Ancient China for Kids
The Qin Dynasty only lasted for 15 years. Yet it is one of the most famous dynasties in ancient Chinese history. Emperor Qin ran his dynasty with absolute control. Punishment for those who disagreed with him was swift and harsh. You could be put to death simply by suggesting another way to do things. There was only Qin's way.
Qin was the first man to control all of China. He died of natural causes, but during his brief rule, he called himself First Emperor of China. And the name "China" stuck.
Qin was a legalist. A legalist believes that people are basically bad. That's why it is necessary to control every minute of their life. Otherwise, they'll do bad things, which could hurt others.
Qin developed a system of bureaucracy so that he could control every minute of peoples lives. He divided his empire into 36 provinces. Each had two government officials in charge of it. There had to be 2 so they could keep an eye on each other. Then he broke the provinces into smaller districts. Each district had two people in charge of it. And so it went. Each unit getting smaller and smaller, and each unit reporting to the one above it. People at all levels were paid very well.
Qin developed a spy system: It was not enough to have two people in charge of each little piece, so that they could keep an eye on each other. Qin also developed a spy system, so that all people kept an eye on each other. Spies were rewarded very well.
Qin had great power. His system of organization gave him complete control. He used that control to make the huge changes he felt China desperately needed to protect herself.
The Great Wall: Qin set people to work building the Great Wall. He believed the country needed better protection. Just as cities had wall built around them, he wanted a wall built around China.
He greatly weakened the nobles: Qin took land away from the nobles so they would lose most of their control and wealth. He did not want the nobles to band together to remove Qin from power. Anyone who fought this change was either buried alive or put to work building the Great Wall.
He greatly weakened the teachers and scholars: Censorship was introduced. Qin burned what he called useless books. If a book was not about agriculture, medicine, or prophecy, it was burned. Scholars who refused to allow their books to be burned where either burned alive or sent to work on the wall. Qin did not want his people wasting time. He wanted nearly all the people to grow food.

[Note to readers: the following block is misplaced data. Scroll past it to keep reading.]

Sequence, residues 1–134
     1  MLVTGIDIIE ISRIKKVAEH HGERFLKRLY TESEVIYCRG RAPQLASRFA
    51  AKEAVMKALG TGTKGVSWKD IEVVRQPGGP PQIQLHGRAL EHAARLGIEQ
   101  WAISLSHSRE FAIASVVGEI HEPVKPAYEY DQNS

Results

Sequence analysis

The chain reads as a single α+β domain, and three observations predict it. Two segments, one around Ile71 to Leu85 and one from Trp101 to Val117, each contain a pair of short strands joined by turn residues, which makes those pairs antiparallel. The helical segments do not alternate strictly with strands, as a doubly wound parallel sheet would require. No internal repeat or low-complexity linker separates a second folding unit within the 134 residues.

He gave most peasants one of two jobs: Either a peasant was assigned to grow food or to harvest silk. If they tried to do anything else besides their assigned job, they were put to death or sent to work on the wall. If people were slow or lazy, they were put to death or sent to work on the wall.
He built public works projects: Qin put some people to work building bridges, roads, canals, and systems of flood control. The people he assigned to do this work either did the work they were assigned to do quickly and well, or they were killed or sent to work on the wall.
He created a law code: His law code applied to everyone. He created a huge law enforcement group, to enforce those laws.
He created a system of standardization: Qin introduced one system of weights and measures, one system of money, the same written language, the same laws - all systems of standardization to be used all over China. No one argued with him.
Qin did not believe that he was cruel. His systems of protection, standardization, and job assignment probably saved millions of lives from flood and famine and war. Qin thought of himself as an outstanding leader. He used to say, "A thousand may die so that millions may live."
Qin had planned that his son would take over one day. After Qin died of natural causes, his son tried to rule the county. A peasant led a revolt against Qin's government officials. People all over the country joined in the revolt. The revolt was successful. That peasant became the new emperor. He called his dynasty the Han Dynasty.